Leave Pay And Casual Workers: Recent High Court Ruling

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Leave Pay And Casual Workers: Recent High Court Ruling

A recent High Court decision has shed some light on the definition of a casual employee and when leave pay is payable.

Changes to the Fair Work Act

S 15A of the Fair Work Act 2009 (Cth),(“The Act”) more or less reflects Workplace Pty Ltd v Rossato (“Rossato”) wherein the key proposition of “no firm commitment” in the Act was tested. However it should be noted that the amendment of s 15A to the Act did not apply at the time to Rossato, nor was the High Court forced to apply it at that time.  The criteria for whether an employee is a casual employee is predicated on the employer communicating to the employee that the relationship is one of “no firm advance commitment”.


The High Court expressed that the concept of a “casual employee” relates to a lack of a “firm advance commitment”. In other words, there is no long-term commitment concerning the days or hours that the employee must work.  The courts have used in the past indicia to indicate this lack of commitment. For example, the employee may work intermittently or there could be uncertainty as to shifts and rosters. However now, the Court in accordance with the statutory scheme has placed greater emphasis on the contract itself.

Outstanding Leave Pay

In the case of Rossato, the employee Rossato was claiming unpaid annual leave and other leave like personal leave. The employer denied this. Instead, they stated that he was a casual employee. Furthermore, they had paid him the 25% loading which accounts for those entitlements. Therefore, the company did not have to pay entitlements.

Type of Contract

The employee signed a contract that had “casual” as part of the title.  There were additional short contracts that included the term “casual” as well. In this case, the employer successfully used the express terms of the contract as evidence to show that the relationship was of a casual nature. The High Court reiterated the importance of certainty which a contract provides as to the nature and type of  employment relationship. Conversely, if the contract was of lesser importance then parties would be waiting for the pronouncement of the Court to know their employment status. Thus, the shift in employment law due to the previous statutory reforms and now Rossato is that later conduct is generally not relevant as to the status of the parties.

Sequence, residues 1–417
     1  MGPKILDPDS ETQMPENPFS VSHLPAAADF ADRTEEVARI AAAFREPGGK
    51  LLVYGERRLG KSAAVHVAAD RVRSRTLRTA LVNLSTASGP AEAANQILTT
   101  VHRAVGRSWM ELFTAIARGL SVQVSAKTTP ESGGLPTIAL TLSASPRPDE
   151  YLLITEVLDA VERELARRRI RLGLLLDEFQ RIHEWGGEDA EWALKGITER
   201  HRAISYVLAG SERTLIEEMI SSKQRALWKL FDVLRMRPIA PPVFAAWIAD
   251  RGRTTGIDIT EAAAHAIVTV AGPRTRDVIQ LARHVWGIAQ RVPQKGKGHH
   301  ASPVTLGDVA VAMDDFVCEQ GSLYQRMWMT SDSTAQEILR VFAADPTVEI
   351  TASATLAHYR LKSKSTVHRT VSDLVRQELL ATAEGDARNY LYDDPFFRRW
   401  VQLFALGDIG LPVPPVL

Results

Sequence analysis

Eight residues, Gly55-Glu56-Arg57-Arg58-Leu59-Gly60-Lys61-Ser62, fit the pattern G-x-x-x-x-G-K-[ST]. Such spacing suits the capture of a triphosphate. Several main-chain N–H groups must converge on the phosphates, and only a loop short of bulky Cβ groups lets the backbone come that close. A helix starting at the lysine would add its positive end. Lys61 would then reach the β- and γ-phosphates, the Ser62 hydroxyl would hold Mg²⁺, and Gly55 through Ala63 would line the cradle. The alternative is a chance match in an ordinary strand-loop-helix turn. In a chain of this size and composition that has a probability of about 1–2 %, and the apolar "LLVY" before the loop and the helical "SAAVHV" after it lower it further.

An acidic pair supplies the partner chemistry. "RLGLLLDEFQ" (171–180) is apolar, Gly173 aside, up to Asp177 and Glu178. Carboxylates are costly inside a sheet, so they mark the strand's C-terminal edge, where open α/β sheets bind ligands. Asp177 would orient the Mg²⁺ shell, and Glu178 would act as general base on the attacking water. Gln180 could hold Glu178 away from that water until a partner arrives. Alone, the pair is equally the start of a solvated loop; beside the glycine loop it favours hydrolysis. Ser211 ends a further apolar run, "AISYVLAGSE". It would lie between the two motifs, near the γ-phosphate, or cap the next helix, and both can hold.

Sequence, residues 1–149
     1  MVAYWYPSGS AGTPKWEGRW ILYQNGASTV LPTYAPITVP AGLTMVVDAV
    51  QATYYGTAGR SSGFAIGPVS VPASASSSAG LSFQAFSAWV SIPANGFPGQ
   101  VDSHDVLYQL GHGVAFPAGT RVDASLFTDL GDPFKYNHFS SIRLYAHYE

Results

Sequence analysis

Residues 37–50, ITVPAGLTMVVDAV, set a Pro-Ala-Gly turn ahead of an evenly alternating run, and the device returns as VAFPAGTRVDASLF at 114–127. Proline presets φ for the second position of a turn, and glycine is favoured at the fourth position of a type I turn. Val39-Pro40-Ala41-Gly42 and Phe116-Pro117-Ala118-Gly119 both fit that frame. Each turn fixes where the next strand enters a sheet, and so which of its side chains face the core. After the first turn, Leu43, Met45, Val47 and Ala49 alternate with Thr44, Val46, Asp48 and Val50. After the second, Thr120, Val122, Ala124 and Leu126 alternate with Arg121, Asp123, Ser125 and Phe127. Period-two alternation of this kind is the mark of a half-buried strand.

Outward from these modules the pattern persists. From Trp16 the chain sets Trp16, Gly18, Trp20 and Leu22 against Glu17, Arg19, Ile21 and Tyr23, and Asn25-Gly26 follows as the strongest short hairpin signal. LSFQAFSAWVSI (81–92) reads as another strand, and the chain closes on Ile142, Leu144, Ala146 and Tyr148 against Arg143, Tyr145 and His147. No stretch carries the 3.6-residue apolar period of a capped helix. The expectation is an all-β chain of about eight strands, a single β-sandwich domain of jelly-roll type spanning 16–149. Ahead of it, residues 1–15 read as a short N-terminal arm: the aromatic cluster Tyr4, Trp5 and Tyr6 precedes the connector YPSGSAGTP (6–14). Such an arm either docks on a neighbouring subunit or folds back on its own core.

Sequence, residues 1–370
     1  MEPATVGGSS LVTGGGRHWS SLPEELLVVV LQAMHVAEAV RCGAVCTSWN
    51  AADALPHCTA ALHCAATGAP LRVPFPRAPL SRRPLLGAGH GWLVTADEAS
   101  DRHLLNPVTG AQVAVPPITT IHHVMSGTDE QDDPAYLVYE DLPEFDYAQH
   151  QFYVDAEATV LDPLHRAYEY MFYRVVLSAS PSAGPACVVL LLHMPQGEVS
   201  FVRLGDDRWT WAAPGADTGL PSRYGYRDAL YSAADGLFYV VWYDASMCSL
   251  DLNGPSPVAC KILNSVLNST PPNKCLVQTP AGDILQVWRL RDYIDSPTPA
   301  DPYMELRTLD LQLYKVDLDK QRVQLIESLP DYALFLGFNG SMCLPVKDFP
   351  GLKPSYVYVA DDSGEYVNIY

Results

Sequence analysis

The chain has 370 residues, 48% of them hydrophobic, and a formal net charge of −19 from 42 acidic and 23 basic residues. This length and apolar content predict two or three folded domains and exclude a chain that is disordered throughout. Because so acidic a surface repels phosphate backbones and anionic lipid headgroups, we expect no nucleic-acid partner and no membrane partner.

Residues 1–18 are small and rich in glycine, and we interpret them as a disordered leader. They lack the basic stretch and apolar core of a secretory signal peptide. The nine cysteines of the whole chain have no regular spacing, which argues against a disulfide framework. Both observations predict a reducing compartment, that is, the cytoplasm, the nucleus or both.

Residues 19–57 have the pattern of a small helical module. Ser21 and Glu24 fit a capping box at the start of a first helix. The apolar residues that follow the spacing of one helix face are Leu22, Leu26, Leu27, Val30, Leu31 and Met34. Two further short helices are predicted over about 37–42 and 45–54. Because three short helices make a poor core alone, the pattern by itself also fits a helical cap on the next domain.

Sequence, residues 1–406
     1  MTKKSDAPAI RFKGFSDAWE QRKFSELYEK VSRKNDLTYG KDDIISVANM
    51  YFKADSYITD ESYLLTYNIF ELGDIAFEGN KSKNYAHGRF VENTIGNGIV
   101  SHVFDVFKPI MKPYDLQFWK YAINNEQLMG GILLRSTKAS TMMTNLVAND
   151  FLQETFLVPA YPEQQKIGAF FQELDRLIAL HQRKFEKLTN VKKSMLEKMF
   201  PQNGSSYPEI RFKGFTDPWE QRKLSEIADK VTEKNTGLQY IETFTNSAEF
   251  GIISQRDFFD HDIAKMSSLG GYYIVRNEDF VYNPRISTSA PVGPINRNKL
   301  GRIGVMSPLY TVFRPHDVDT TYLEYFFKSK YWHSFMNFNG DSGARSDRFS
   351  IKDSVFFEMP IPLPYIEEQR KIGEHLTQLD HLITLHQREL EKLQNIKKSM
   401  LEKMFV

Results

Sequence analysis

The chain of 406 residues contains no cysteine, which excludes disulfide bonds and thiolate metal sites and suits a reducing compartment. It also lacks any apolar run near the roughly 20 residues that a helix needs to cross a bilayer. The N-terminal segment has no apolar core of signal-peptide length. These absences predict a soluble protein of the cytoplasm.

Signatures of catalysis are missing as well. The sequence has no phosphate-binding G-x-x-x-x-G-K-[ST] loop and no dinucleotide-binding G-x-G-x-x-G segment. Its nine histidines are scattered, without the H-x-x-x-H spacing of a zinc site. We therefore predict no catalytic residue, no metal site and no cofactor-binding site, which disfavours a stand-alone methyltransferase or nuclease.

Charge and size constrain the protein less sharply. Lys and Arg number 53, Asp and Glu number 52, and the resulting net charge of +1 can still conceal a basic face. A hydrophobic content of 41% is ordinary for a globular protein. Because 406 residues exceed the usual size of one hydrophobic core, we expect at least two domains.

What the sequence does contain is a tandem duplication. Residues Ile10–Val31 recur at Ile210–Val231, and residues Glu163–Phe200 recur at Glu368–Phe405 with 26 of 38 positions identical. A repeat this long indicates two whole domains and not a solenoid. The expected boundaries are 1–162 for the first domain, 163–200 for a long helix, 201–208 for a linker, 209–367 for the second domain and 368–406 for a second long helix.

Fine Points: Assignments

The Court discussed how a reasonable expectation that employment would continue is not the same as a firm commitment. As such, consistent hours do not immediately indicate that there is a full-time employee relationship. The Court also found that the phrase “assignment by assignment basis” was indicative of the fact that the employee could reject any assignment. The ability to do so counts against there being a firm commitment.


Previously the Federal Court found that a roster system whereby the employees’ hours were determined up to a year in advance was evidence of a full-time arrangement. In contrast, the High Court found that regularity in working hours and organisation do not prove that an employee is permanent part-time/full-time. The High Court emphasised the point that behind those regular hours were actual case by case assignments. Assignments that the employee could ultimately terminate and reject. As a point of comparison, the Act itself explicitly states that regular hours do not imply necessarily that the employee is a permanent employee.

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